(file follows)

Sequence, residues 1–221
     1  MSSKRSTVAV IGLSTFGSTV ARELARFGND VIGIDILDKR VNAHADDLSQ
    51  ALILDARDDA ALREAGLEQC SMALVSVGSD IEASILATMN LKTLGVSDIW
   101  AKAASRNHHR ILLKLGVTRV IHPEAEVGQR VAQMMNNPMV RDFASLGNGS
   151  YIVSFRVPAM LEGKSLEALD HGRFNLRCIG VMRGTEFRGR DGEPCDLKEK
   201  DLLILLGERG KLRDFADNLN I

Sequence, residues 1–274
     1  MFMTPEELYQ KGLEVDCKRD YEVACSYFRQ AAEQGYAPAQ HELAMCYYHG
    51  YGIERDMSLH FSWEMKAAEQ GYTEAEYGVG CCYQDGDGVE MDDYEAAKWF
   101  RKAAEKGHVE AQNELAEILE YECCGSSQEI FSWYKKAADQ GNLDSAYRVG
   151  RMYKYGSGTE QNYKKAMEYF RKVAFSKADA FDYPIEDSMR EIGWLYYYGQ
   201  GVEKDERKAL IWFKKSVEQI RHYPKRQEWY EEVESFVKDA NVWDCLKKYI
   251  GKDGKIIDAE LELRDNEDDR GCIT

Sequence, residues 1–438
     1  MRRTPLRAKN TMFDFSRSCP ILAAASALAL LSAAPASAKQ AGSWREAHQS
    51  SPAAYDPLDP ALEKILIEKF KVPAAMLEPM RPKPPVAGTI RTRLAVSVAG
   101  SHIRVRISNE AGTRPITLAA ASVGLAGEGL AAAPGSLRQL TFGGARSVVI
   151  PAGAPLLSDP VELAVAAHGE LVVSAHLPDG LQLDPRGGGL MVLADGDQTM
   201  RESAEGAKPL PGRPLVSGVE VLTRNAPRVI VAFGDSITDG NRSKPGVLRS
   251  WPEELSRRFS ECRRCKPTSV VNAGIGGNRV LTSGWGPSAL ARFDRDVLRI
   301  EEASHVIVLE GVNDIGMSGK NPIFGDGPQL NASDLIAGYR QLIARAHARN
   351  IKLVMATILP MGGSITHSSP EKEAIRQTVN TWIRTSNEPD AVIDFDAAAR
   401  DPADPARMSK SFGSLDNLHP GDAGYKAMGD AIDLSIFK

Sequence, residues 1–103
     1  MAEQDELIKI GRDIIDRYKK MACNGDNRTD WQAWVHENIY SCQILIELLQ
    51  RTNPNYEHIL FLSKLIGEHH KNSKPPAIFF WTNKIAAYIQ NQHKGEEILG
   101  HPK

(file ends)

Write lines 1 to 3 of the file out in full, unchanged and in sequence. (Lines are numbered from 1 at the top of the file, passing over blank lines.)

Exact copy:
Sequence, residues 1–221
     1  MSSKRSTVAV IGLSTFGSTV ARELARFGND VIGIDILDKR VNAHADDLSQ
    51  ALILDARDDA ALREAGLEQC SMALVSVGSD IEASILATMN LKTLGVSDIW